When serious scholars like D.D. Kosambi tried to apply Marxian approach to Indian history, they found themselves in great difficulty. In 1951, Kosambi tried to examine Marxist approach to Indian chronology (Annals of Bhandarkar Oriental Research Institute, Vol. 31 pp. 258-66) as presented by a Russian scholar D.A. Suleiken in 1949 and found it ?dangerously misleading? (Kosambi'sOmnibus, OUP 2005, p. 49). In his seminal work, An Introduction to the Study of Indian History (first published in 1956, sixth reprint 1993) Kosambi rejected many of Marx'sstatements about India. Kosambi wrote: ?India had never a classical slave economy in the same sense as Greece or Rome? (p. 11). Kosambi was at a loss what to make of Marx'sfamous theory of the ?Asiatic Mode of Production?. He says, ?What Marx himself said about India cannot be taken as it stands.? Kosambi, who is considered to be the father of Marxist historiography on India, emphatically rejects Marx'sview of Indian history. He writes: ?We cannot let pass without challenge Marx'sstatement, ?Indian society has no history at all? unchanging (village) society.? Kosambi says, ?In fact, the greatest periods of Indian history, the Mauryans, the Satavahanas, the Guptas owed nothing to intruders, they mark precisely the formation and spread of the basic village society, or the development of new trade centers? (ibid, pp 11-12). Kosambi was of firm view, that: ?The adoption of Marx'sthesis does not mean blind repetition of all his conclusions (and even less, those of the official party line Marxists at all times)? (p. 10). That is why Kosambi wrote a ruthlessly critical review of S.A. Dange's India from Primitive Communism to Slavery, People'sPublishing House (PPH), Bombay 1949).
Irfan Habib in his well documented essay, Marx'sPerception of India, [written on the occasion of Marx'sdeath centenary in the year 1983 and published in the inaugural issue of The Marxist, an official journal of the CPI(M), reprinted in his ?Essays in Indian History, Tulika, Delhi, 1995), reproduced again in Iqbal Hussan (ed); Karl Marx on India, (Tulika, 2006)] holds the view that ?In 1853 he seems to have taken up his starting point the (1830) descriptive elements in Hegel'sinterpretation of Indian civilization? (ibid, p. 58). Marx almost echoes Hegel'swords: ?The Hindoos have no history, no growth expanding into a veritable political condition?. Marx blindly repeated Hegel'sview that the admitted diffusion of Indian culture has been ?a dumb, deedless expansion? and ?the people of India have achieved no foreign conquests but on every occasion were vanquished themselves.? Similarly, he repeated Hegel'sdescription of Indian village community. Habib points out that Marx'sknowledge of India in 1853 was mostly confined to Bernier, Fifth Report and current British Parliamentary debates. He says that after 1867, references to India became relatively infrequent in Marx'spublished writings.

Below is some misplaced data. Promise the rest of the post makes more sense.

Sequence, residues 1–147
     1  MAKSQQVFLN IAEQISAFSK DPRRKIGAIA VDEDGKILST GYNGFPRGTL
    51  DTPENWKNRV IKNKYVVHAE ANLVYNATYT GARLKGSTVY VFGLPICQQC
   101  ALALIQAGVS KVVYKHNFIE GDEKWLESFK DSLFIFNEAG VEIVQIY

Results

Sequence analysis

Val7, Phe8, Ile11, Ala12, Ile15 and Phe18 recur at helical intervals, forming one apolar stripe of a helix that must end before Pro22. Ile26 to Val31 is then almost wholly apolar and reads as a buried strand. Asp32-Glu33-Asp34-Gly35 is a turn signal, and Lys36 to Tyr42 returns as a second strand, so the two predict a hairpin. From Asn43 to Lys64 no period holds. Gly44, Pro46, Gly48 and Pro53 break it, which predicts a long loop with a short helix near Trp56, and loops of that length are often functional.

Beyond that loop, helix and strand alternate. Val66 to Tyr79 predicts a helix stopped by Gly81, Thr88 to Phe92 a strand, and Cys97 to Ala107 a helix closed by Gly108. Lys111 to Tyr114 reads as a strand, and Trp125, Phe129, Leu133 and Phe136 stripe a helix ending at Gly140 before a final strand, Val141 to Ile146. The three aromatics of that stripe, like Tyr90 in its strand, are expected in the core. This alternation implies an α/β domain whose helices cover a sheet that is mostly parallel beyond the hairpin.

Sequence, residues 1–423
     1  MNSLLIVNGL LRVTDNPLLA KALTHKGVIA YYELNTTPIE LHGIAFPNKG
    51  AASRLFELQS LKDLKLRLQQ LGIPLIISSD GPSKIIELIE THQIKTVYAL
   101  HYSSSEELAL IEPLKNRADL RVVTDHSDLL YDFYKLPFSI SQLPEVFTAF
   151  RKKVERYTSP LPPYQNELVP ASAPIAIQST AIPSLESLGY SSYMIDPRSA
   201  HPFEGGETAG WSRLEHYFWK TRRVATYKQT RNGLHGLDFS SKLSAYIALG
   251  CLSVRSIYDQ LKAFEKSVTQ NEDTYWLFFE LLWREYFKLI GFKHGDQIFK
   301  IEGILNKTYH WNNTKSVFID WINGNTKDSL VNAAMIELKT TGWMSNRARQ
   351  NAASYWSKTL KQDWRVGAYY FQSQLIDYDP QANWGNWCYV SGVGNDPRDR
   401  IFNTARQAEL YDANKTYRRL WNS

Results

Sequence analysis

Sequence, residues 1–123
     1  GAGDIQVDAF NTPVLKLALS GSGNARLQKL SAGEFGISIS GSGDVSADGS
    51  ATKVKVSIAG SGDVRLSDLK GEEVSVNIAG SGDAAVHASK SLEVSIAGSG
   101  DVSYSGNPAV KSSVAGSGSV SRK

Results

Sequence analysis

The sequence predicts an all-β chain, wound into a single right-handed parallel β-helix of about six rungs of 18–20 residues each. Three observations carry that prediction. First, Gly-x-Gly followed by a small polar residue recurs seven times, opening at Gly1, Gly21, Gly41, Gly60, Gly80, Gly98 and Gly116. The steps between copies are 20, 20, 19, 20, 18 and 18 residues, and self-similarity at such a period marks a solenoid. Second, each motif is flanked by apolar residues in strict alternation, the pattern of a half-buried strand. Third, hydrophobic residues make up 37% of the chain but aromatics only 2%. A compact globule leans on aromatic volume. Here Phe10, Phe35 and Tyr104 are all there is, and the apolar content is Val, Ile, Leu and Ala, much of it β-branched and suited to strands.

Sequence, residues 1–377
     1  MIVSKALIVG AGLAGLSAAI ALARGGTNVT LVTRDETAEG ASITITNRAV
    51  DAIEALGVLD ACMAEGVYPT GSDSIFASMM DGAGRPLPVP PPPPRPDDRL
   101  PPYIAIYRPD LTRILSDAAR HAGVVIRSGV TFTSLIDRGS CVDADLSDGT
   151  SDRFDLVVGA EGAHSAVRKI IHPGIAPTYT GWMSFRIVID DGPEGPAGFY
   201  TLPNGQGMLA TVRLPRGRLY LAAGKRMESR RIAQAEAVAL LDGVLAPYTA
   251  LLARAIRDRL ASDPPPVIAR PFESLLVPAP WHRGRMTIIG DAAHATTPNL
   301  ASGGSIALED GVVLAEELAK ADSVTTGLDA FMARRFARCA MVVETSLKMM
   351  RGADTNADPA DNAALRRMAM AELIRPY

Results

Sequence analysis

In fact, Marx'smuch advertised ?Notes on Indian History?, (posthumously published from Moscow in 1947 on the basis of some handwritten manuscripts found among Marx'spapers,) were prepared in the last years of his life about the year 1880. These Notes are based on two books?one, Elphinstone'sHistory of India first published in 1841, but Marx got its reprint of 1874 and the second one was Robert Sewell'sThe Analytical History of the British Conquest of India. (London, 1870). The notes begin at the year 664 AD, i.e. coming of the Muslims and close at Queen Victoria'sProclamation of August 1858. There is no evidence that Marx was ever able to use these notes. Marxist historian, Prof Sushobhan Sarkar in an article ?Marx on Indian History?, (written on the occasion of Marx's150th birth anniversary in the year 1968) was constrained to admit that ?Marx did not leave behind any systematic presentation of the history of India, that was never his main preoccupation. He set down his observations on certain current Indian questions, which attracted public attention.? (P.C. Joshi (ed), Homage to Karl Marx, (PPH 1968, p. 93).
Referring to Marx'schronological notes on Indian history Prof. Sarkar laments, ?The most serious omission here is the passing over of the entire Hindu epoch of our history, though it was being recovered by the European scholars of Marx'sdays? (ibid p. 98). Gangadhar Adhikari, one of the top theoreticians of the CPI, in his essay ?Marx and India? (A Communist Party Publication, 1968) says, ?Writing to Engels in those days (1853-59) Marx had somewhere said that his knowledge of India was inadequate.? (p. 17). Adhikari may be referring to a letter from Marx to Engels dated August 8, 1858, where Marx writes: ?I have written a lot for the Tribune of late so as to replenish my account a bit but I am getting damnably short of material. India isn'tmy department.? (Karl Marx and F. Engels, Collected Works Vol. 40 Progress Publishers Moscow, 1983 p. 335). This letter shows that Marx had no interest in India and whatever he wrote was written not out of conviction but in a mercenary spirit to meet his financial needs. Therefore, one is inclined to agree with the opinion of the noted historian A.K. Warder that ?Marx here is embedded in the ordinary European outlook of his day which had been codified by Hegel? according to which ?Asians are barbarians and the ancient Greeks miraculously created civilization, inherited by the later peoples of Europe?, that ?the real history and social progress, along with the philosophy, art, etc, begin with the Greeks and is essentially the history of Europe.? (R.S. Sharma and Vivekananda Jha (eds) Indian Society Historical Probings: Essays in Memory of D.D. Kosambi, ICHR, New Delhi, 1974, p. 159).
In the light of the above, is it not pathetic that Indian Leftists should still place their blind faith in Marx'sinadequate, borrowed and now outdated knowledge about India?
(To be continued)